NEW JERSEY LAWYER

DAILY BRIEFING      12/19/2005


News Briefs

COLE, SCHOTZ CONTINUES ITS EXPANSION
Cole, Schotz, Meisel, Forman & Leonard will ring in the New Year by bringing in another firm — Angel & Frankel of New York City. This is the second merger in three months for the Hackensack-based firm and establishes its New York City office at 460 Park Ave. This latest move brings the firm’s total attorneys to 110. Although Angel & Frankel’s focus is complex bankruptcy and insolvency, the New York Cole, Schotz office will be full-service. Several attorneys from the New Jersey office will move in to the Big Apple digs, including Leo Leyva, who will be resident partner and chair the litigation practice there. In September, Cole, Schotz merged with the Hackensack firm Sternlieb & Dowd, which focused on real estate, corporate, construction litigation, commercial litigation and employment law. 12-16-05

FORMER AT&T MANAGER WINS AGE-DISCRIMINATION VERDICT
A jury in Middlesex County has awarded $950,000 to a former AT&T manager who claimed he was terminated because of his age. Tom Hughes had worked for the company 31 years when he was notified he would be out of a job. He was 50 years old at the time. AT&T, though, kept managers aged 40, 35 and 34, the latter having been in the position only two months when Hughes was terminated. The plaintiff in Hughes v. AT&T was represented by Bruce P. McMoran and Michael F. O’Connor of McMoran, O’Connor & Bramley in Tinton Falls. Defense attorneys where Teresa A. Kelly and Kristine J. Feher of Pitney Hardin in Morristown. Judge Mathias E. Rodriguez presided. 12-16-05

STANDARDIZED ID CARDS FOR NJ LAWYERS
New Jersey lawyers hurrying to the courtroom to avoid a scolding from the judge for being late won’t have to cool their heels anymore while sheriff’s deputies scrutinize various forms of identification. Instead, they can take advantage of a standardized ID card those same sheriff’s deputies can help them obtain. Last week, New Jersey State Bar Association President Stuart A. Hoberman and Attorney General Peter C. Harvey announced the new cards, which will be available soon from any sheriff’s office. “Lawyers across the state will benefit from a uniform ID card,” Hoberman said, adding the cards “will not compromise security but enhance it by making the screening process done by sheriff’s officers more efficient.” Most county bar associations issue cards now, but they differ in design and content. That disparity apparently was becoming a hassle at times for attorneys who appear in more than one county as well as for deputies forced to cope with anxious lawyers. See the full story in the Dec. 19 New Jersey Lawyer. 12-16-05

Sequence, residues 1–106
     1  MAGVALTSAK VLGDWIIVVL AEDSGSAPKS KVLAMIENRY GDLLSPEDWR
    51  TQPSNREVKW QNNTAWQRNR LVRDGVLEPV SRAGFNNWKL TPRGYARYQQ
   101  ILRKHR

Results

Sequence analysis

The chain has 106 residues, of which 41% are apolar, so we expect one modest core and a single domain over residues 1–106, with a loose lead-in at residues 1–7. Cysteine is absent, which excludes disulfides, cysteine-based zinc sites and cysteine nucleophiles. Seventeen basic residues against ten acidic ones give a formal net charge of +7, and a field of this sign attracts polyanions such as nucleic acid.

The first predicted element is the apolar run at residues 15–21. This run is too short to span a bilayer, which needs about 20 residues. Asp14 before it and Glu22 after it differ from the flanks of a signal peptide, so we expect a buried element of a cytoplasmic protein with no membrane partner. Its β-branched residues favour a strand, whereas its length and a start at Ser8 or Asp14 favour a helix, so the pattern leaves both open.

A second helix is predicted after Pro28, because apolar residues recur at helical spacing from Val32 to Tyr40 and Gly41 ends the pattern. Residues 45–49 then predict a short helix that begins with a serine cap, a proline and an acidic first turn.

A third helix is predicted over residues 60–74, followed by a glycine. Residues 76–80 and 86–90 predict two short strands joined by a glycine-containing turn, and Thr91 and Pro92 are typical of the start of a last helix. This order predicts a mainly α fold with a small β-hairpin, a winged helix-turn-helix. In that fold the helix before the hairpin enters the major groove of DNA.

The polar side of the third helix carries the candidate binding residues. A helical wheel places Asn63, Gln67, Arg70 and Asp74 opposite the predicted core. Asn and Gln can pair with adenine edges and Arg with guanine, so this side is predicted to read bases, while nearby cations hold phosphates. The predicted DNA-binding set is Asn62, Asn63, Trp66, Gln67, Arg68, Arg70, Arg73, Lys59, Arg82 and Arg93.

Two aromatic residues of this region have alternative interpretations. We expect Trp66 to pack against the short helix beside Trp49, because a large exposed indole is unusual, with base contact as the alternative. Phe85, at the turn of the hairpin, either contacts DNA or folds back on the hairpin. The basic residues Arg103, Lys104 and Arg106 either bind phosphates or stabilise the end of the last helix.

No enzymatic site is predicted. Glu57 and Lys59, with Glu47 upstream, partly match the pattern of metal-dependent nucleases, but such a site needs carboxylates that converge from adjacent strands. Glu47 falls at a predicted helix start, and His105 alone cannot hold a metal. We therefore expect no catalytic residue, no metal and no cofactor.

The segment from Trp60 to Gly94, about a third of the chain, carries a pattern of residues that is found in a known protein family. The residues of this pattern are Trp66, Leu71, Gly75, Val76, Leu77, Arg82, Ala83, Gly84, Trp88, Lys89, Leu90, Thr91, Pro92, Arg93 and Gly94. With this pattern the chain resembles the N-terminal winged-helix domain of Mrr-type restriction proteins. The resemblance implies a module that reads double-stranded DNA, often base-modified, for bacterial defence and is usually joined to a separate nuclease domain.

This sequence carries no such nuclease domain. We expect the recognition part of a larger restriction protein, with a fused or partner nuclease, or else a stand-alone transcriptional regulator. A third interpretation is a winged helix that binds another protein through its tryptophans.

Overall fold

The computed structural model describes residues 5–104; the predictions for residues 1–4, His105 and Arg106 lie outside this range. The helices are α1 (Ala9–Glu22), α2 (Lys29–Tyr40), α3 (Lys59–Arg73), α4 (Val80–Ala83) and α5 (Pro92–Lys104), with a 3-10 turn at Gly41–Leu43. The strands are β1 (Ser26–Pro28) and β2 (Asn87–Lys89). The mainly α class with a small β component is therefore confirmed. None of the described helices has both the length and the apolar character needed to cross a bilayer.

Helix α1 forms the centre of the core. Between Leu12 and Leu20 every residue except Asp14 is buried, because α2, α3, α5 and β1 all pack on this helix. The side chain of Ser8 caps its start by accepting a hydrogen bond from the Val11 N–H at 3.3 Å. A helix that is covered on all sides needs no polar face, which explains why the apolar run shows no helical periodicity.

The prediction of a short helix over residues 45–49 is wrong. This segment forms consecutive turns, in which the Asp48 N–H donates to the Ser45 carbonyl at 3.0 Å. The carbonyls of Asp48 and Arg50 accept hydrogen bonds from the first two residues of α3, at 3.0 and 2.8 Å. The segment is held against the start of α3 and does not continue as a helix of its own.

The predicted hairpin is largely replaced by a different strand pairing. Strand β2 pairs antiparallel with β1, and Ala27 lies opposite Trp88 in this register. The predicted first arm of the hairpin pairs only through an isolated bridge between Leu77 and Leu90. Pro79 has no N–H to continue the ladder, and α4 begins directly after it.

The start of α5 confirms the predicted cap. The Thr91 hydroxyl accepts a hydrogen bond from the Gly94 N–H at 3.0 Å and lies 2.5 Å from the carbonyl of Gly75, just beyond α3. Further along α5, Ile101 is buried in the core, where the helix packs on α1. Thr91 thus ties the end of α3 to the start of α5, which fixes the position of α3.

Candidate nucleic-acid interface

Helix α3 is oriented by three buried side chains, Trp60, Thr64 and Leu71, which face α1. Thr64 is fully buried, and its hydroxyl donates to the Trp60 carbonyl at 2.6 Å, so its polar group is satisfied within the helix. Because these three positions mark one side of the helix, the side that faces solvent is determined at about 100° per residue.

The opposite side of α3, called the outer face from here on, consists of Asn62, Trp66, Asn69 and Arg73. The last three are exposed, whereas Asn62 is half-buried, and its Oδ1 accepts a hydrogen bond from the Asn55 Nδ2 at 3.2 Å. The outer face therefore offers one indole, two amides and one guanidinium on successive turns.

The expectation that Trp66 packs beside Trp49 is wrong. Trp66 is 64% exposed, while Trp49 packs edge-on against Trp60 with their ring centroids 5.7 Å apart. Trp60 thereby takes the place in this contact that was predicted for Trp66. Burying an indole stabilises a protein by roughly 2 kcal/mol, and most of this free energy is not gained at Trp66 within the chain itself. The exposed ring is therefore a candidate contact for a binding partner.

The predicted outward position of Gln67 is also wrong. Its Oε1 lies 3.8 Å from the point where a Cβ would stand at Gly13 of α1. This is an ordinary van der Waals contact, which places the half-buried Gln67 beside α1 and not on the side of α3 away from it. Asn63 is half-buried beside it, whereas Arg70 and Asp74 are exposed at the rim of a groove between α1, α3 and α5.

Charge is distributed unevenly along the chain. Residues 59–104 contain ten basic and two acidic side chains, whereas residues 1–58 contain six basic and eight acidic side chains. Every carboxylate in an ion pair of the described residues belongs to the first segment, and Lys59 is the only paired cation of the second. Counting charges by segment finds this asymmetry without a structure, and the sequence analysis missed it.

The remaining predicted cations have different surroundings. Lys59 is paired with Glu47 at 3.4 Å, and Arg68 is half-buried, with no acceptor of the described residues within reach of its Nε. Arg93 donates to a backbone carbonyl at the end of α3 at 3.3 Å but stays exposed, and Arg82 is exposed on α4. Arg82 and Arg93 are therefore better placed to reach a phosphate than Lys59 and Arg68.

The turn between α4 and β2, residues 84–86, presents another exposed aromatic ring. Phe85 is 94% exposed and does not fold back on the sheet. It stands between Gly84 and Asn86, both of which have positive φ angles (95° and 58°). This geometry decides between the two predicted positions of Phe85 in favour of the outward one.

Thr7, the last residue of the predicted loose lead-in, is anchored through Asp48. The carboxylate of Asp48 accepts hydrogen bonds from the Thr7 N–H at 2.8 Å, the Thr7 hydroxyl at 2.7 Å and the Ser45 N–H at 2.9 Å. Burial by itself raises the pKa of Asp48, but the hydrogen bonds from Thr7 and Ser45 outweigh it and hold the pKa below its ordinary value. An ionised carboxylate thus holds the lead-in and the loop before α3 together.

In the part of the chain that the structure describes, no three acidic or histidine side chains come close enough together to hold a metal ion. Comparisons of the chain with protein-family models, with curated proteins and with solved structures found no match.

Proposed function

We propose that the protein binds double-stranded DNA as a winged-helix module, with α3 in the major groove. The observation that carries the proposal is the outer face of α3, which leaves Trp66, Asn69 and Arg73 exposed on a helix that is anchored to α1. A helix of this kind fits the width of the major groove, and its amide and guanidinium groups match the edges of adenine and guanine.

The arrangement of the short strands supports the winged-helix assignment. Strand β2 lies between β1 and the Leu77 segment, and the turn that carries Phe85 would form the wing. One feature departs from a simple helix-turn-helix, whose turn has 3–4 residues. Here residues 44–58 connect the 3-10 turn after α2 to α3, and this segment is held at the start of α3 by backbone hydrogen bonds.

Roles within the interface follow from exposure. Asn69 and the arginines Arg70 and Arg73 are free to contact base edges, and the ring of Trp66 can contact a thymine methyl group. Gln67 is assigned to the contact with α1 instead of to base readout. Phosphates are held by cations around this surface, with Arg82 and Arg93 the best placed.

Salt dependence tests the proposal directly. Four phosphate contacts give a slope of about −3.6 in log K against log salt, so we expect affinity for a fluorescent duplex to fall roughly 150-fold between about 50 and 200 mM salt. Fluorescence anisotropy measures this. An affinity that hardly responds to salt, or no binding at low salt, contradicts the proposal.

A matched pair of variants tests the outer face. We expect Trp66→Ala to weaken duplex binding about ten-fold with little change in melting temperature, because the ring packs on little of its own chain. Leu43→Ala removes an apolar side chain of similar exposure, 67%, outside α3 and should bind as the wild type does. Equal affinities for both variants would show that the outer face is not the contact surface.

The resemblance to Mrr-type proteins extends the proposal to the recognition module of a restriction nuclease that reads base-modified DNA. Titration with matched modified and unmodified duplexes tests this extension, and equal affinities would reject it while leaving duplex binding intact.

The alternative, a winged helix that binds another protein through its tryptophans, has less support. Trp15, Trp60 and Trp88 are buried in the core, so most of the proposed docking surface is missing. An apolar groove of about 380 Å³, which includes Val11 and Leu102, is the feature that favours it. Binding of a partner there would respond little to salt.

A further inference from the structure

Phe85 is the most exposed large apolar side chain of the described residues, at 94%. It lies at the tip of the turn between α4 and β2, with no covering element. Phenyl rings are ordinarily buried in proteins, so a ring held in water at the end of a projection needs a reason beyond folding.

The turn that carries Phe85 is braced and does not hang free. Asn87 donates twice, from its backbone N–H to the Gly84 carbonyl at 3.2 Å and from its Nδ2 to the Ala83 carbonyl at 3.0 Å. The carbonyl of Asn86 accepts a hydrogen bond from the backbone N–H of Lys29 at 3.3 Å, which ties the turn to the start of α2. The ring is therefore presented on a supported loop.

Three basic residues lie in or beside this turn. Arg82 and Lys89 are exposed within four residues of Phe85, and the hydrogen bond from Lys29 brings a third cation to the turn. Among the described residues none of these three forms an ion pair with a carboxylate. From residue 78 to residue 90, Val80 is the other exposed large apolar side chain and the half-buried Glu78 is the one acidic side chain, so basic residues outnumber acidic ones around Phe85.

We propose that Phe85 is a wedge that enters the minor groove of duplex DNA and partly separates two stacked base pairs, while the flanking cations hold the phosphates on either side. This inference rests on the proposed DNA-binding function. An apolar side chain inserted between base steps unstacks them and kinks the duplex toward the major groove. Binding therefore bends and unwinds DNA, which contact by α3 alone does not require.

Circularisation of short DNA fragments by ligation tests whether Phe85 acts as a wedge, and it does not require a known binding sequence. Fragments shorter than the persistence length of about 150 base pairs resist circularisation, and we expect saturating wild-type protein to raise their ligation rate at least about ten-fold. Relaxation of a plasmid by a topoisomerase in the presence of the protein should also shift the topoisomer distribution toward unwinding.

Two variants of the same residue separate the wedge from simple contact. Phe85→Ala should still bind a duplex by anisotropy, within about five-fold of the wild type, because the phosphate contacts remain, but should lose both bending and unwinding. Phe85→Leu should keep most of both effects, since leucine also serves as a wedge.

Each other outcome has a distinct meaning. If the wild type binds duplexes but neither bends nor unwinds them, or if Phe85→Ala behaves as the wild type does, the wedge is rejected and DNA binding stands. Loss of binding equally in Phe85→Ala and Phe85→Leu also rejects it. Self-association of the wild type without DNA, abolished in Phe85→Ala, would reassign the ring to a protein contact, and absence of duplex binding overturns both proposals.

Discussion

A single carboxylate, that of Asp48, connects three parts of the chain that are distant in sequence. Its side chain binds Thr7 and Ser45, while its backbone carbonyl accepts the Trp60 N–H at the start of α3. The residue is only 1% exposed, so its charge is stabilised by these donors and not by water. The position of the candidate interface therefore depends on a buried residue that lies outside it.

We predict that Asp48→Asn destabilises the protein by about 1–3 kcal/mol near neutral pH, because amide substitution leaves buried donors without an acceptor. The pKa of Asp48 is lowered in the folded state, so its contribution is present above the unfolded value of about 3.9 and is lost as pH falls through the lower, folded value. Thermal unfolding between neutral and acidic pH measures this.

SNUBBED IN WASHINGTON, BRUCE IS THE BOSS IN TRENTON
Sometimes state legislatures step in where federal lawmakers fail to act. In that spirit, the New Jersey Senate has passed a resolution honoring native son Bruce Springsteen on the 30-year anniversary of his breakthrough Born to Run album. Sen. Raymond Lesniak (D-Union) sponsored a resolution after the Republican-controlled U.S. Senate refused to consider a similar resolution proposed by New Jersey’s federal senators, Frank Lautenberg and now Gov.-elect Jon S. Corzine. Springsteen, who has roots in Long Branch and Freehold and lives in Rumson, stepped away from the political sidelines for the first time and got politically involved in the 2004 presidential election, lending support to Democrat John Kerry. Springsteen has a big fan in Corzine. The incoming governor attended the rocker’s first concert in Trenton in decades at the Sovereign Bank Arena recently and has said he’d enjoy having Bruce perform during next month’s inauguration. 12-16-05

WOMEN WHO BLOCK COURT ENTRANCE TO PRAY GET PROBATION
Two women who blocked a Michigan courtroom entryway by lying on the floor and praying have been placed on probation. But they’re expressing defiance and lack of remorse, vowing to do it again, if so moved. Brittany L. Jordan and Rachel S. Jacob received one year’s probation and each ordered to pay $470 in court fees. Magistrate Michael Osaer of 41A District Court in Macomb County imposed the sentence after the women were arrested three times for refusing to move while praying in public. 12-16-05